Community Research and Development Information Service - CORDIS

Carbon dioxide protects cold grapes

Researchers have discovered how carbon dioxide (CO2) protects table grapes from cold damage when kept in cold storage for long periods.
Carbon dioxide protects cold grapes
Table grapes are usually stored at 0 °C after harvesting to preserve the berries from water loss. In cold-sensitive plants, 'chilling injury' can occur due in part to reactive oxygen species (ROS) that damage cells and cause browning. In addition, plants may become more susceptible to fungal pathogens like grey mould that can grow at temperatures as low as – 5 °C.

To counteract this, table grapes respond to low temperatures by activating antifreeze proteins and enzymes that protect the fruit against ROS damage. Since exposing grapes to CO2 also reduces low-temperature damage, it is possible that the gas plays a role in this cold stress-response mechanism.

The EU-funded MOLCHARAVITIS (Study of the molecular mechanisms involved in the beneficial effect of high CO2 levels to preserve table grape quality during the storage at low temperature) project aimed to understand how CO2 protects table grapes from cold storage damage.

Researchers treated table grapes with CO2 for three days at 0 °C and looked at the genes that were activated during this time. They found high levels of proteins called transcription factors (TFs) that activate genes involved in protecting berries from cold stress and pathogens.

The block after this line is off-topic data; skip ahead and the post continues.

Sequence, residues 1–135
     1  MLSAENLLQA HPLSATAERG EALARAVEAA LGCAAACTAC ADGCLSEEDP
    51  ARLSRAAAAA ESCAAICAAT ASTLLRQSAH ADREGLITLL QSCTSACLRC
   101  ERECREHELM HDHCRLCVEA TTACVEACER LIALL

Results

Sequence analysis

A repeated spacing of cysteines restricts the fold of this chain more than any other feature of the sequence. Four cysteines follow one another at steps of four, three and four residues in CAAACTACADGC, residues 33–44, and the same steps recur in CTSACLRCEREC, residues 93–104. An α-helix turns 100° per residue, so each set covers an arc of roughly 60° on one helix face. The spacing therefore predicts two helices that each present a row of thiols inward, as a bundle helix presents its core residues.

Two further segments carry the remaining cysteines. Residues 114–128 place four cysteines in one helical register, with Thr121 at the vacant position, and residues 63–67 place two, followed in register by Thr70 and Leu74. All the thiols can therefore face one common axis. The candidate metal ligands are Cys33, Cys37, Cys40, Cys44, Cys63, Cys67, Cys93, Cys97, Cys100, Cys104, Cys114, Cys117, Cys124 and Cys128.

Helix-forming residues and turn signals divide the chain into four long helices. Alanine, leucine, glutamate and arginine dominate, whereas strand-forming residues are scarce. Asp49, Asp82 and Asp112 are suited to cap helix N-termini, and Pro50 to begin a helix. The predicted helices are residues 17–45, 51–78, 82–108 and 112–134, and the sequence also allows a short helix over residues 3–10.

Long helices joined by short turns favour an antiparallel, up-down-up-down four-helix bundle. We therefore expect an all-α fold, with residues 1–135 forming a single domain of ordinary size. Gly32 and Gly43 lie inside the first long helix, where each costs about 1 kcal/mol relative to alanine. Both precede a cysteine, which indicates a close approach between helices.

One of these protective proteins, dehydrin, is usually activated by a TF called C-repeat binding factor (CBF), which is itself activated by CO2. However, researchers found that in this case dehydrin was activated not by CBF but by another cold-inducible pathway.

Another TF called ethylene-responsive element-binding factor (ERS) did, however, activate a protein that defends plants from pathogens. Since higher levels of ERS were found in CO2-treated plants than in non-treated plants, CO2 may trigger this pathogen defence response.

Understanding the mechanisms underlying table grapes' responses to low temperatures is extremely useful to grape producers. Since sulphur dioxide is being restricted as a preservative in postharvest grapes due to health concerns, CO2 is a promising alternative treatment option.

Related information


Life Sciences


Carbon dioxide, grapes, cold storage, pathogens, low temperatures, cold stress
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